My spouse and I enjoy going to murder mystery shows. Usually we attend ones that offer dinner. Murder, Mystery, and Meals. Those are 3 m’s you can’t beat. Once we went to a show that was on boat. They didn’t give me food, but there were drinks, so I was satisfied.
When we boarded the boat we took a seat and was soon joined by another woman. The seats were placed awkwardly so that we were facing one another. While the other passengers were boarding the boat, I played a little game that involved trying to guess which person walking in our direction would be joining the woman currently sitting opposite from my husband. The stream of passengers began to dwindle after a while and I began to think that the lady’s companion wouldn’t make it before we departed. That’s when she asked us to take her picture with her iPhone and I realized that she didn’t have a significant other or friend that was running late. You have to admire people like that. I’d never be confident enough to show up at a movie alone, least of all a date-infested event. Or to give a stranger my iPhone and trust them not to run off or accidentally throw it over the side of the boat. So I took her photo (quite a few times) until I captured one that wasn’t blurry. Then she asked if we wanted her to take one of us and held up her phone. Do I want a stranger to have a picture of me and my husband on her phone? No. I instantly imagined her uploading it to Facebook with a status like, “Look at these fools sitting across from me. They have no idea that they are sitting across from a serial killer.”
Seriously though, she was very nice and told us she was in the city for some kind of pharmaceutical thing and was looking to get out and enjoy the night life while she was there. Then it became my turn to introduce myself and what I do for a living. Whenever I meet a new person that I’ll never meet again, I always think about making up something – like a trapeze artist. I went against this initial impulse because I was afraid of the follow up questions. “What’s it like being a trapeze artist?” “Is the bearded lady’s beard real?” “Doesn’t that require a sense of balance and grace? I saw you stumble on the steps on the way up. Twice.” It isn’t likely that I’d be able to keep up the charade for long.
Many minutes later we were beckoned up from our seats – the show was starting. They did this in a very tricky way. The captain introduced himself and went over some vague rules, and was then interrupted by a lady wearing a colorful dress that matched her firetruck red hair. I thought she was a loud, attention-starving drunk. Turns out she was acting. I didn’t figure out until about ten minutes later that the show had actually begun while I had been waiting for someone to yell “start.” At this point I realized I wasn’t going to win.
For this “show” we had to continually walk between the top and bottom decks, with scenes happening simultaneously in different areas of the ship. The actors had been intermingling with the guests on board, and on-cue would jump into their scene, startling everyone around them who didn’t realize they’d actually been talking with an actor all night long. Guests could then ask them questions whenever they weren’t participating in a scene.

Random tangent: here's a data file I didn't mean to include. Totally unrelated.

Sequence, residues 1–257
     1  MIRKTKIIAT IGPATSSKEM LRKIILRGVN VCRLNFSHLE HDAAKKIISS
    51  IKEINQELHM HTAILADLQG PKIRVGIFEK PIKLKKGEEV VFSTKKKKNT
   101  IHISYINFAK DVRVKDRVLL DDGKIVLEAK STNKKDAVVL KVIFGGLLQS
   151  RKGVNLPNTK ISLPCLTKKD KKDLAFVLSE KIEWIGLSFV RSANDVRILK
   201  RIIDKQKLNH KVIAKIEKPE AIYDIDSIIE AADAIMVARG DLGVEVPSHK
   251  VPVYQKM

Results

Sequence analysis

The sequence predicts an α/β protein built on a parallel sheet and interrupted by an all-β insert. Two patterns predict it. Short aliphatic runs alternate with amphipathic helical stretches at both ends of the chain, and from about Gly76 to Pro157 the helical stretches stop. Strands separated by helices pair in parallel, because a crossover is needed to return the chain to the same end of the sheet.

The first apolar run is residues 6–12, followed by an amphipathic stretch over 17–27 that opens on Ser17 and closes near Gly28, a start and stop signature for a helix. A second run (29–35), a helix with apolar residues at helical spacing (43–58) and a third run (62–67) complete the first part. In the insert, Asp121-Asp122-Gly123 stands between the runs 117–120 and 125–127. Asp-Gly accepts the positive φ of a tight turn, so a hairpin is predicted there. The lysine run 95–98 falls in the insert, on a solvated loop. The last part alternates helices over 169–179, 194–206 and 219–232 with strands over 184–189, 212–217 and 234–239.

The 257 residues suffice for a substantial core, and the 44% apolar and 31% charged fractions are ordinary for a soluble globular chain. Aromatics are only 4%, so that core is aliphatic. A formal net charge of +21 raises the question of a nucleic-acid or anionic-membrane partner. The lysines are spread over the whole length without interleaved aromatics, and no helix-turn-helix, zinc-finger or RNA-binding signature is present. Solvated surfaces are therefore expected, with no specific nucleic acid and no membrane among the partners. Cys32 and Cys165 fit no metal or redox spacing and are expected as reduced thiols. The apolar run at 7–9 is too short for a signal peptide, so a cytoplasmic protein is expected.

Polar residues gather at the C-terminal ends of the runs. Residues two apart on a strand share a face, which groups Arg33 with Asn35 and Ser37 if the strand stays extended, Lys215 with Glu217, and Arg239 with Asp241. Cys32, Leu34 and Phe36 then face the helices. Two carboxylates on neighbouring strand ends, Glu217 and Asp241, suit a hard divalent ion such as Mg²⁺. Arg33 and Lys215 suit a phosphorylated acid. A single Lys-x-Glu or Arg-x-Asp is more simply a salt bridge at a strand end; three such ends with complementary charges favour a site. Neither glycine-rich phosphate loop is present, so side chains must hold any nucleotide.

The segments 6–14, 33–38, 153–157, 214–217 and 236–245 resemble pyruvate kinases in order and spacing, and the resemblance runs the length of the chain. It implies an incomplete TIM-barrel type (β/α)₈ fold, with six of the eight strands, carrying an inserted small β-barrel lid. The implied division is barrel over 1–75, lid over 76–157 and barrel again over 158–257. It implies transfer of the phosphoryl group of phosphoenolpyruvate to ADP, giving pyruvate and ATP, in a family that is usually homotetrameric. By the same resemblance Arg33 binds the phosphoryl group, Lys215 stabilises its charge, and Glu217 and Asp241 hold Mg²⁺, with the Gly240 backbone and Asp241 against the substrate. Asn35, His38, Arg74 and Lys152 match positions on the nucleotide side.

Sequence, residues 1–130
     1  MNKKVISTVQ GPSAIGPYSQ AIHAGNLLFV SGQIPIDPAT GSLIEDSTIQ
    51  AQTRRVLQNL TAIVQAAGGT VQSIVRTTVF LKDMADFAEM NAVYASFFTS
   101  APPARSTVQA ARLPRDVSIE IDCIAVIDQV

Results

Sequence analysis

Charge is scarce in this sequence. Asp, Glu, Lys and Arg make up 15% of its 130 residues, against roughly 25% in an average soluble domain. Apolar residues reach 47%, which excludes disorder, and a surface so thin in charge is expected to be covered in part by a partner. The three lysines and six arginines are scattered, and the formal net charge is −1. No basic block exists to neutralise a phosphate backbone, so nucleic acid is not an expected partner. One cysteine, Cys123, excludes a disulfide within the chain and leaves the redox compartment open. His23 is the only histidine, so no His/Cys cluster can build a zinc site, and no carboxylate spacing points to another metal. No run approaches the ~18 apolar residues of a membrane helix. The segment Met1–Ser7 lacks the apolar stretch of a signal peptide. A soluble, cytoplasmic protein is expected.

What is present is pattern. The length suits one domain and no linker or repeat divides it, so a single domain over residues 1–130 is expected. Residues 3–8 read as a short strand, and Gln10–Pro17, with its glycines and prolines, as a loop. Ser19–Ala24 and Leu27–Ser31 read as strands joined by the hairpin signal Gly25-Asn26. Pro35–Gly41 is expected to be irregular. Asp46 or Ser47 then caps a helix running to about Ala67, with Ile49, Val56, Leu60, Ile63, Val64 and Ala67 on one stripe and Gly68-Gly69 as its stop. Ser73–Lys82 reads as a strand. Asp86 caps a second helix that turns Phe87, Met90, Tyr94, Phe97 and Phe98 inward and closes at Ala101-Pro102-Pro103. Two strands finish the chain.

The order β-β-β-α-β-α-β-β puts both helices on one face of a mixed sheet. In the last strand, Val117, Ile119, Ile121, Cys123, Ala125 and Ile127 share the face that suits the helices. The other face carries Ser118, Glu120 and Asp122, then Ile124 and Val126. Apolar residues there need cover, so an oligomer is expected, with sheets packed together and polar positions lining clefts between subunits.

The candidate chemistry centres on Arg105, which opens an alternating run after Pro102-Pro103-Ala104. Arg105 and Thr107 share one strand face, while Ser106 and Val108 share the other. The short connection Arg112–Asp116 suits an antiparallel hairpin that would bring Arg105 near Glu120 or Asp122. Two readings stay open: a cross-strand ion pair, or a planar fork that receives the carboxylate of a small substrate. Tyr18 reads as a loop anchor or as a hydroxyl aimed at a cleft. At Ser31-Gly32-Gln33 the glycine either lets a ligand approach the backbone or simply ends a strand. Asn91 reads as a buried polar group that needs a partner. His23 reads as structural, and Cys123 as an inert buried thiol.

Do you see where this is going?
We were all called to gather on a particular deck on the ship for an important scene. We reached the area first and found some seats and the lady from the beginning of this story joined us. We talked over the clues we had written down and our guesses for the murderer and motive.
When I was in first grade, I broke the thumb on my right hand. My teacher took me out in the hallway to give me a test orally since I couldn’t write down my answers legibly with my left hand. Whenever I gave a wrong answer, the teacher would ask me questions and give me hints until I sorted out the correct answer. This lady talked to me in the same coaching manner. It clicked. She was an actress, the background story she had given us earlier (which had sounded very rehearsed) was part of the play and also explained why she was there alone. As soon as she got up to visit the bathroom, I turned to my husband and whispered, “I think she’s one of the actresses.” He promptly replied, “Me too.”
So then we avoided her. This might not make sense to you, so let me explain my actions. I’m more of an observer type rather than participant. I don’t want to be part of the show (except for that one time in high school), I just want to watch from afar and then make comments on my blog. In Duck, Duck, Goose I want to be the duck.
We were rather stealthy for the rest of the night and always kept a safe distance from the “pharmaceutical rep from Michigan.” I kept my eye on her, expecting her to jump into a scene at any moment. I might not have figured out whodunnit, but I felt very smart anyway for figuring out her real identity. I was like Velma in Scooby Doo pulling a mask off of the monster.
Then the show ended. I was wrong. She wasn’t an actress, just a pharmaceutical rep spending a night on the town. Whoops.